Motorists still wary of rail bridges despite official assurances
A railroad bridge on Golf Road on July 26 near Glenview. | Sun-Times Media
Updated: September 3, 2012 12:58PM
GLENVEW — The deadly collapse of the Shermer Road rail bridge in July left Glenview and Northbrook residents shaken, but questions about the level of safety of Glenview’s three railroad bridges have been met with reassurance from Glenview officials.
The results of a Union Pacific investigation — announced July 16 to the public at a community meeting — found structural problems didn’t cause the July 4 rail bridge collapse that killed Glenview couple Burton and Zorine Lindner, and the accident was likely a “freak accident” caused by excessive heat conditions that caused a break underneath the train.
Glenview officials said they felt confident about rail bridge safety following discussions with UP, but expressed some concerns about the availability of past records detailing rail safety.
“We’ve been assured by Union Pacific and the Federal Railroad Administration — who have done inspections in Glenview and Northbrook — that railroad crossings and bridges are safe,” said Village President Kerry Cummings. “I believe there are no present issues with safety, but in the future I’d like to see more transparency with the availability of past safety information.”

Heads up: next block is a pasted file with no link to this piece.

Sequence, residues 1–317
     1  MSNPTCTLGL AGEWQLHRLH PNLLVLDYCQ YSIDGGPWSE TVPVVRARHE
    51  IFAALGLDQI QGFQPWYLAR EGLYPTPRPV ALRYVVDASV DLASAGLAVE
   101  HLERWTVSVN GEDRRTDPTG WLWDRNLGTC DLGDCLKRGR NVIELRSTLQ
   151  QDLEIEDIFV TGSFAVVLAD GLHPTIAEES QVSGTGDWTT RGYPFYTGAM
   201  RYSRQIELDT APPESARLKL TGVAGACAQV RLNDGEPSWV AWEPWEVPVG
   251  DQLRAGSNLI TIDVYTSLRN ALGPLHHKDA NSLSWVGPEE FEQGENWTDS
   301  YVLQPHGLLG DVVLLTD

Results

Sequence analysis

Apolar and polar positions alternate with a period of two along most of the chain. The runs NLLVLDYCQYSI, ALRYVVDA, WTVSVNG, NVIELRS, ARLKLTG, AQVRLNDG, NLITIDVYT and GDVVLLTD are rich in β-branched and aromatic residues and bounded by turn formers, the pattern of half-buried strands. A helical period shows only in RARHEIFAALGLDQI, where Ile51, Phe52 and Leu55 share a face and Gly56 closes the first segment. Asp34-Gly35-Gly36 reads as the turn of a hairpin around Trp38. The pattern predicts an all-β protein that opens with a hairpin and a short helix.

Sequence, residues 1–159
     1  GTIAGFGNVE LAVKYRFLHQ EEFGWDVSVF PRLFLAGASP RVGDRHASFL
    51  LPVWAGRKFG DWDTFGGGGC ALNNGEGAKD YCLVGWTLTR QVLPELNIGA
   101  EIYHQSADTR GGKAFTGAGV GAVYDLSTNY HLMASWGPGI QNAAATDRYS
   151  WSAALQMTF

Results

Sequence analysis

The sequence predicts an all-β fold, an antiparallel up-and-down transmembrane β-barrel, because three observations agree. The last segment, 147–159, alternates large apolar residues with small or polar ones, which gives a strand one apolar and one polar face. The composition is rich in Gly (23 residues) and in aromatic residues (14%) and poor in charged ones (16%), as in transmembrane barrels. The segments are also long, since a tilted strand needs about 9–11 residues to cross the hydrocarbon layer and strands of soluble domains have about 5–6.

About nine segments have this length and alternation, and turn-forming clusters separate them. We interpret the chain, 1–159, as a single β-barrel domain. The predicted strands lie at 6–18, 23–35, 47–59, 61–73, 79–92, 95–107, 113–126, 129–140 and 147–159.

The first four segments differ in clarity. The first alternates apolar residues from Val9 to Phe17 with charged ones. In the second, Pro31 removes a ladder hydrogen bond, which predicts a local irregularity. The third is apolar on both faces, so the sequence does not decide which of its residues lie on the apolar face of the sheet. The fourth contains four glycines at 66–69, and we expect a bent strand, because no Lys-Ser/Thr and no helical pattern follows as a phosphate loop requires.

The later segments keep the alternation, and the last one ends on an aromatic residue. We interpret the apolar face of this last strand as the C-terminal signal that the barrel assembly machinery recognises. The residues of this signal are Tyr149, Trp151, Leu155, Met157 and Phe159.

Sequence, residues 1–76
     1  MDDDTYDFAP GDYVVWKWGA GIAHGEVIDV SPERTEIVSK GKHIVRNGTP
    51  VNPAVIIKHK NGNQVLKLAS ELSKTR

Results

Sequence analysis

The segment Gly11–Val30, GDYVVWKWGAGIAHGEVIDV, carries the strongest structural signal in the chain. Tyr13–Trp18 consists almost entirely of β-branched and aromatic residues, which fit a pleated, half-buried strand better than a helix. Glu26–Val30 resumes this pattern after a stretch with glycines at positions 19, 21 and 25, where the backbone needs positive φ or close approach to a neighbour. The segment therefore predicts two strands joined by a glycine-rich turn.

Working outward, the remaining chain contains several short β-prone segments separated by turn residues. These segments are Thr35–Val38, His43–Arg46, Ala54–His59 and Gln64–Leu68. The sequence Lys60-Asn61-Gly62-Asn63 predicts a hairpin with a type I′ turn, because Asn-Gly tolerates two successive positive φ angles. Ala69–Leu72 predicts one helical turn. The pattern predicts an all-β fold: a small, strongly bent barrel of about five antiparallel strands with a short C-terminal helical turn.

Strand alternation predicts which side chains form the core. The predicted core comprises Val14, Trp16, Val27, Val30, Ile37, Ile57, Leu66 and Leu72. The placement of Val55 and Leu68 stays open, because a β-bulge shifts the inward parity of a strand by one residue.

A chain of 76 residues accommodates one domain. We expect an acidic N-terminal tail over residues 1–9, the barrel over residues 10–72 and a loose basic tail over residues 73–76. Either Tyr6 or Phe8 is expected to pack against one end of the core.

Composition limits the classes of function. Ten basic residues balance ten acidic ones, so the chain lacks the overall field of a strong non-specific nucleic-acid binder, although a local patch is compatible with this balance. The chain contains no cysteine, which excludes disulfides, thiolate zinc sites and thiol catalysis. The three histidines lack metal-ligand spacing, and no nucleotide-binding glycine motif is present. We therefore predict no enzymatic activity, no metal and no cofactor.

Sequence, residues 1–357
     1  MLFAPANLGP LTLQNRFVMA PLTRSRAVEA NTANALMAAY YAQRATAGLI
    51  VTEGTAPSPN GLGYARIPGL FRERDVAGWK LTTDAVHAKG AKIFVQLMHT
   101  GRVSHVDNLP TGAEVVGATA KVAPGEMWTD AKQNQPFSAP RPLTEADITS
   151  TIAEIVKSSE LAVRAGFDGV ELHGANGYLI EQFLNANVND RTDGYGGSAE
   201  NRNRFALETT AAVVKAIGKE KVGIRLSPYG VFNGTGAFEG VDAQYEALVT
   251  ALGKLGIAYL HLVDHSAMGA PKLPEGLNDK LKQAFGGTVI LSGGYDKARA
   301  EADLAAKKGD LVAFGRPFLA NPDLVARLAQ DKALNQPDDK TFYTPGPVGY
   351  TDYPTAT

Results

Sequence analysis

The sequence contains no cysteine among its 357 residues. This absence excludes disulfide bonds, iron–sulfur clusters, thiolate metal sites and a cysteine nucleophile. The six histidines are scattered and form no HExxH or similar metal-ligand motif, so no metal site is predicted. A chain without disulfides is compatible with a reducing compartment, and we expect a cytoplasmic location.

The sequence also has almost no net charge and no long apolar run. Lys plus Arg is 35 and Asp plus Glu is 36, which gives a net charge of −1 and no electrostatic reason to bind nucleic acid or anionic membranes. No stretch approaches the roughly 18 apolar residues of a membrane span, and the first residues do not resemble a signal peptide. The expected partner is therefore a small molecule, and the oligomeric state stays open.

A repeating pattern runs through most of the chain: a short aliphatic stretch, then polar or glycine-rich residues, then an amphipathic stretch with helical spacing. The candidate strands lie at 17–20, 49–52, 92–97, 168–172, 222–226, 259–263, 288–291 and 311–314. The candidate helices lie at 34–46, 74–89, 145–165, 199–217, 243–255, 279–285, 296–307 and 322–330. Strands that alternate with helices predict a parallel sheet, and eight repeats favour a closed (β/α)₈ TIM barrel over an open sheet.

Cummings said she was surprised by the lack of readily available information on past safety reports maintained by the FRA — the government entity responsible for railroad safety oversight.
“We’re missing specific details on how railroad safety is regulated,” Cummings said. “If you look for information on an incident that happened back in the 1970’s for example, it’s not readily available. I think the public has high expectations of those types of reports and in the future I’d like to see more transparency on behalf of the FRA.”
Pioneer Press has sent Freedom of Information Act requests to several agencies that deal with railroads asking for information, such as inspection reports, about rail bridges.
The CTA has denied the request on the grounds that it was too burdensome, an exemption allowed under the Illinois Freedom of Information Act. Pioneer Press asked for information on rail bridges in more than 50 communities that are in the newspaper group’s coverage area. The CTA has asked Pioneer to reduce its request to a more manageable level, which it is doing.
Amtrak and Metra have indicated they are working on the requests. Pioneer Press is working with the Federal Railroad Administration to get information about railroad tracks.
Thomas Petrakis of 113 Cornell Court, Northbrook, said his wife, Nana, had passed beneath the bridge only an hour and a half before it crumbled beneath the weight of the train.
Since learning of her neighbors’ untimely demise, Nana, who was really shaken, said she has been terrified of going near underpasses, especially if trains go over them.
Thomas said the bridge should not have been built with landfill, but on concrete. And he is concerned how it will be rebuilt.